LUMA Energy will not increase energy rates through ’24
LUMA Energy, the company that will operate Puerto Rico Electric Power Authority’s electric power transmission and distribution system for the next 15 years, vowed not to increase rates during the first three years after it officially begins operating on June 1, 2021.
In a presentation to members of the media, LUMA CEO Wayne Stensby confirmed that the company will file this week with the Puerto Rico Energy Bureau the plans, budgets, metrics, and principles needed “to begin its mission of transforming the island’s electric power system.”
The plan recommends no rate increase, commits to substantial improvements in safety, customer service and reliability across the first three years of operations. By year three, LUMA vowed to reduce power outages by 30%, and the duration of each interruption by 40%.
“Over the past eight months, we have conducted the due diligence and planning required for an orderly transition of the operation and management of the electric power transmission and distribution system in Puerto Rico,” he said.
“Our work during this time has led to the development of comprehensive plans, budgets, metrics, and principles that we’re pleased to submit for approval of the regulator,” said Stensby. “This filing with the Energy Bureau completes this phase of the front-end transition and initiates the sprint toward mid-year service commencement.”
Stensby said customers could expect to experience notable changes after LUMA begins to run PREPA’s transmission and distribution operation in June, in such areas as contact center responsiveness, clearing of vegetation from utility rights of way, inspections of areas experiencing a significant number or size of outages and improved public safety, including streetlights.
“LUMA’s job is to provide electricity that Puerto Ricans can rely on to run their homes and businesses,” Stensby said. “These plans, budgets, metrics, and principles detail LUMA’s mission to recover and transform Puerto Rico’s electric power system to deliver customer-centric, reliable, resilient, sustainable electricity at reasonable prices.”
Since June 2020, LUMA has been reviewing PREPA’s business processes, systems, data, and infrastructure to conduct a detailed assessment of their current state. LUMA found issues that were not limited to hurricane and earthquake damage but also included substantial organization deficiencies that have led to widespread deterioration of the utility over time, officials said.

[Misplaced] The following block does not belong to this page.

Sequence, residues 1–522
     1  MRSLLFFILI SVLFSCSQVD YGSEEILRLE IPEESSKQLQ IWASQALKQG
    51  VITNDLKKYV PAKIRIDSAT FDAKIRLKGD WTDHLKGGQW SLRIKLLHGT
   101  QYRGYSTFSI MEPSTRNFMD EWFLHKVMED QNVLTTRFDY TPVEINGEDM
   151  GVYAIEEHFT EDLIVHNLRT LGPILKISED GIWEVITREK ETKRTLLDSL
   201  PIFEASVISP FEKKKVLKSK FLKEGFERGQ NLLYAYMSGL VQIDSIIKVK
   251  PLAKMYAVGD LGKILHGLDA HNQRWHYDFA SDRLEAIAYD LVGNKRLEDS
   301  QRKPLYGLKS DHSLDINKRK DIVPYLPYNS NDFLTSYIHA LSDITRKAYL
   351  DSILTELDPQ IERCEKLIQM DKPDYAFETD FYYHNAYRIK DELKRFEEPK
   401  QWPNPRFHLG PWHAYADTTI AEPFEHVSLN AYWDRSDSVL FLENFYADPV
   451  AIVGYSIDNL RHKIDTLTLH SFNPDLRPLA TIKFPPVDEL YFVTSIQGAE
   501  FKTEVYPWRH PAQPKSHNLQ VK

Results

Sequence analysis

The company included all of its findings in a System Remediation Plan that it will also submit to the Puerto Rico Energy Bureau. It details strategies that include — among other steps — long-term repair and replacement programs are required across the transmission and distribution system to address the temporary, substandard, and undocumented maintenance that has been previously carried out and address numerous areas like vegetation management, which has been largely neglected.
To address these systemic deficiencies, LUMA focused on a recovery and transformation strategy that resulted in more than 600 initiatives, the executive said.
The System Remediation Plan addresses “fundamental areas aimed at improving operational outcomes and customer satisfaction and meeting regulatory imperatives such as the Integrated Resource Plan that is critical to transforming Puerto Rico’s electricity system,” Stensby said.
LUMA also submitted initial budgets which cover all activities during its first three years of operation, including operation and management, non-federally funded capital, and federally funded capital.
In its presentation, LUMA confirmed it has planned for some $4 billion in initiatives as part of its System Remediation Plan and $11 billion in total improvement programs during the life of the contract.